Erin began her career in child abuse investigations as an advocate for children and their families. Through this position she was able to gain perspective and understanding for how trauma and maltreatment truly impacts child abuse victims and their families as a whole. For the past decade, Erin has worked with alleged victims of abuse and their families in order to navigate the complicated aftermath of abuse and trauma. Through her role as a forensic interviewer, Erin has interviewed thousands of children and worked to provide a safe, neutral environment in order for them to communicate about any potential maltreatment. She has also testified in several child abuse cases ranging from juvenile, civil and criminal court hearings and trials. Erin currently serves as the Assistant Director of the Children’s Advocacy Center of Benton County and as one of their Forensic Interviewers.
Ms. Kraner earned her bachelor’s degree in interdisciplinary studies, including biology, psychology and kinesiology from Hendrix College, and has a dual-focused master’s degree in marriage and family therapy as well as community counseling from John Brown University. She is a member of the American Professional Society on the Abuse of Children (APSAC), and has co-authored an article currently being peer reviewed. Erin is a certified law enforcement instructor, and has been one of the points of contact and faculty members of ChildFirst® Arkansas since 2012. She serves on the Forensic Interviewing Committee for the CACs of Arkansas, and assists with facilitating their state-wide peer review program for all forensic interviewers at CACs in AR.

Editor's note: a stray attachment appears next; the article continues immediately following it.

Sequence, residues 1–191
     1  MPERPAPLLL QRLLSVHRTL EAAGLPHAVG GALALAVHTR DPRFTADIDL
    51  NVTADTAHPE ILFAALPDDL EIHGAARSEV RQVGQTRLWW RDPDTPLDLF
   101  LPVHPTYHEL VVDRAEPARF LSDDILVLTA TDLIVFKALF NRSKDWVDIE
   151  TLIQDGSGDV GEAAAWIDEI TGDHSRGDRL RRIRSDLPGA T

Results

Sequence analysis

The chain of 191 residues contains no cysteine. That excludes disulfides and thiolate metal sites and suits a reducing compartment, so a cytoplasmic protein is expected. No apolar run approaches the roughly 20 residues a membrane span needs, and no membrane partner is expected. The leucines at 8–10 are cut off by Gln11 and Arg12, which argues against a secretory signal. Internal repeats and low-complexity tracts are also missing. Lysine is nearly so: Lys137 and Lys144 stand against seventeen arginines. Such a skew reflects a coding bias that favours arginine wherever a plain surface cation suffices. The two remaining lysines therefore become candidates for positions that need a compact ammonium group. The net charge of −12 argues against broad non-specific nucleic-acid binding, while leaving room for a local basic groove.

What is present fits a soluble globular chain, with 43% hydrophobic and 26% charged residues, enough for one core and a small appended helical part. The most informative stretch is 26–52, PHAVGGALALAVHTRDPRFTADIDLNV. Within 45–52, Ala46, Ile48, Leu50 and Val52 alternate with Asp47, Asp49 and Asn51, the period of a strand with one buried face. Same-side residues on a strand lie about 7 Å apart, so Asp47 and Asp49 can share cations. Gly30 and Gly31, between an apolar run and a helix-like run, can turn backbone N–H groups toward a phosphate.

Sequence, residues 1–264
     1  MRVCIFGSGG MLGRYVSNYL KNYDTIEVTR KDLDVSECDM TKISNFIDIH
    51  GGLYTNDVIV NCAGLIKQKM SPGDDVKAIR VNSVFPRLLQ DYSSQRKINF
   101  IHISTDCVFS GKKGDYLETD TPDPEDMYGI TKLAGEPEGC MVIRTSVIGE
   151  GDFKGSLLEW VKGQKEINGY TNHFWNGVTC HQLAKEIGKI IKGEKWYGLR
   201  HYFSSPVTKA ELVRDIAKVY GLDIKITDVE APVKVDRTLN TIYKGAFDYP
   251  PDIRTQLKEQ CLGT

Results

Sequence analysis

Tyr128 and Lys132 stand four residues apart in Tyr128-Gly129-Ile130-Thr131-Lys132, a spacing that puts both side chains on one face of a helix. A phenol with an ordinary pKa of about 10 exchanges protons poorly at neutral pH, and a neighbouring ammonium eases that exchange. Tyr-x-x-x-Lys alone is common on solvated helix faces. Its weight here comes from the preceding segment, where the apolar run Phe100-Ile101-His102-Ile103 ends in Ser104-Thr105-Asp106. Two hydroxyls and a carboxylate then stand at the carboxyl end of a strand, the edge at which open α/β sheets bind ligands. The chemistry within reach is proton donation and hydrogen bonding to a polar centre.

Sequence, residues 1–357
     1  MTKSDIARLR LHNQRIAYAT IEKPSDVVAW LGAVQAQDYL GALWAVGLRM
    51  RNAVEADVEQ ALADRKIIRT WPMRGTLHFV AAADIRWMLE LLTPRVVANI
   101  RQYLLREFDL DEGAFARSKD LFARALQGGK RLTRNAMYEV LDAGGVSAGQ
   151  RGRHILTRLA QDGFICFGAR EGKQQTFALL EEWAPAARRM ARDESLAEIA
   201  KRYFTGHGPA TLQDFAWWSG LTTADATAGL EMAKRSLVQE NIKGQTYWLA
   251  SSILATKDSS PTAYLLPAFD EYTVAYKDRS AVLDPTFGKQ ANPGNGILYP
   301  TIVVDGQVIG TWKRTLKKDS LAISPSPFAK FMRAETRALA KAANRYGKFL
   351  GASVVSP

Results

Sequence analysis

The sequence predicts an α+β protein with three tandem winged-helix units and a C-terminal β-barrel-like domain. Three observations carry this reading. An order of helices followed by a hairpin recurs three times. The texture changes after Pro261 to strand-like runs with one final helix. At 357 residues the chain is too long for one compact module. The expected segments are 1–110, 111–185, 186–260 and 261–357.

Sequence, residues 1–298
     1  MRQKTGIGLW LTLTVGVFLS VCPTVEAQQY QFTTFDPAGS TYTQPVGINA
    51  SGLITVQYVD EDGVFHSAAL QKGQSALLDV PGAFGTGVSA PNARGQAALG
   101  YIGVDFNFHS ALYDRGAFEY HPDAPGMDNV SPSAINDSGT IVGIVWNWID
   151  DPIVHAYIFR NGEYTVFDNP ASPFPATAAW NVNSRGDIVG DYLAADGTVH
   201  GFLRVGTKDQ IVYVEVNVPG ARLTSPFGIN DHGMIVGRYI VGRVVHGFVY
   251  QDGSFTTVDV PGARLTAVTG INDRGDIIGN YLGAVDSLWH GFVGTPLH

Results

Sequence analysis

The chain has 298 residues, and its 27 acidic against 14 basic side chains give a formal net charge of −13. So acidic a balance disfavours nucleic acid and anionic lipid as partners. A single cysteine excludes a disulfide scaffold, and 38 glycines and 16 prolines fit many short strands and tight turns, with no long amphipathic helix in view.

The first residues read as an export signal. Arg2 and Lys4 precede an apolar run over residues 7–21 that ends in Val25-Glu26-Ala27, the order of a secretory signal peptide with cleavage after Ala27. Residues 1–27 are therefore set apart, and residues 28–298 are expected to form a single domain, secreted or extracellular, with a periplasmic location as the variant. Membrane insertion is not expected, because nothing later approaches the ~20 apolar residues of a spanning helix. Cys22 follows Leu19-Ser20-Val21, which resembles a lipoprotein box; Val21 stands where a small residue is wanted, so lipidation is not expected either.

Erin has a passion for empowering children and realized early on that one of the best ways to do this is through working with the adults and professionals in those children’s lives who are fighting tirelessly for their safety and well-being.
Blocks and problems in forensic interviews
Peer review and mentoring for forensic interviewers
Interviewing young children
Interviewing adolescents and teens
Interviewing children who are reluctant to disclose